At the Festival of Genomics London 2017, The Institute of Cancer Research asked three key people working in cancer research why genomics is important. 

A New Challenge for Research

Professor Paul Workman, ICR Chief Executive:

“Genomics is very critical for cancer treatment right now because you can target particular oncology patients and those patients are benefitting as part of routine care. So it’s a part of a here and now therapy”.Now the new challenge for research is that we recognise that the drug resistance powered by revolutionary biology of cancers is the key challenge that we face, and we absolutely need genomics to define what’s going on genetically in a cancer and develop adaptive therapies, combination therapies in order to overcome this major problem. In that way we can increase survival and increase the high proportion of cures five to ten years from now”.

100,000 Genomes Project

Dr Clare Turnbull from the ICR and Genomics England:

“The 100,000 genomes project is all about amassing genomic data, but putting it next to clinical data, and it’s only then that we would be able to understand all of these complex genomic changes that we’re seeing in the tumour when we align them against the data that tell us how that patient’s tumour behaved, how it responded to treatment, whether is metastasized and what the outcomes were. So we have many, many challenges as we try and understand the genomics of cancer, because we’re trying to impose the principles that we’ve learnt about large studies, evidence based medicine and epidemiology, on what is essentially genomically unique, individual, n of 1 tumours. So lots and lots of challenges ahead, but very exciting times.”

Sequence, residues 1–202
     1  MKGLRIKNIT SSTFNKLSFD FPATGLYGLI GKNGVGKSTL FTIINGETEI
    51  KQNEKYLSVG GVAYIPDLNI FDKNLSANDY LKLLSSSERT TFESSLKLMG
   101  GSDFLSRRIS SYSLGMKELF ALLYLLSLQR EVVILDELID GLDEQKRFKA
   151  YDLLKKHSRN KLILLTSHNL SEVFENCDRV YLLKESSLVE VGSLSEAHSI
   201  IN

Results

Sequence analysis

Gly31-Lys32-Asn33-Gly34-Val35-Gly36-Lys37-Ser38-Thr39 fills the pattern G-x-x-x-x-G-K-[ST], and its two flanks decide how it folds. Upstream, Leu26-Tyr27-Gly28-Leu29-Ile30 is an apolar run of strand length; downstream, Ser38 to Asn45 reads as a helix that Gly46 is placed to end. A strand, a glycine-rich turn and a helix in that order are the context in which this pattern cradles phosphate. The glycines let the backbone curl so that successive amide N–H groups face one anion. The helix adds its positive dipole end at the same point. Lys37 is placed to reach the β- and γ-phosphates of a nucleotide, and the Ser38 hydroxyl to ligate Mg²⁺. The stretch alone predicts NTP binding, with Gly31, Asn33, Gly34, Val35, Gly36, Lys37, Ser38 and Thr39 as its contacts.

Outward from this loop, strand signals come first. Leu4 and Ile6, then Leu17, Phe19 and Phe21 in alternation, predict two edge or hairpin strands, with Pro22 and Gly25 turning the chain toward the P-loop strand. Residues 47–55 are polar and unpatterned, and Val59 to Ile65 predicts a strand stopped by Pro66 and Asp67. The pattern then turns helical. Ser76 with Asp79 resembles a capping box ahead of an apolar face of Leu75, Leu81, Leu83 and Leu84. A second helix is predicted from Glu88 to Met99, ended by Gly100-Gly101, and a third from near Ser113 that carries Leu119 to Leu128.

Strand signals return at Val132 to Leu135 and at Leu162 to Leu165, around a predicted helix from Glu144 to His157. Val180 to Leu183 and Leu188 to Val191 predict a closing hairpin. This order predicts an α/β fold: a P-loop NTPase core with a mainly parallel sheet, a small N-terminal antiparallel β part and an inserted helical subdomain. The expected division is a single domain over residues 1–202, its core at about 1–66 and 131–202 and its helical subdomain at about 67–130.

Dr. Clare Turnbull is the Clinical Lead for the 100,000 Genomes Project.

Cancer – A Disease of the Genome

Dr. Bissan Al-Lazikani, Head of Data Science at the ICR:

“Cancer is really a disease of the genome, and mutations happen in our genomes, alterations cause our normal cells to start behaving abnormally, growing out of control. And the most important thing to remember is once the cells start behaving that way they become essentially autonomous. They’re individual cells, they’re growing at random, mutating at random, doing their own thing at random. So not only can genomics explain to us what were the common causes at the start of that cancer, but also, they can allow us track and map the changes of that cancer population over time as it grows and alter in response to the treatments that we are giving them.”

 


Thank you to the ICR London for the videos.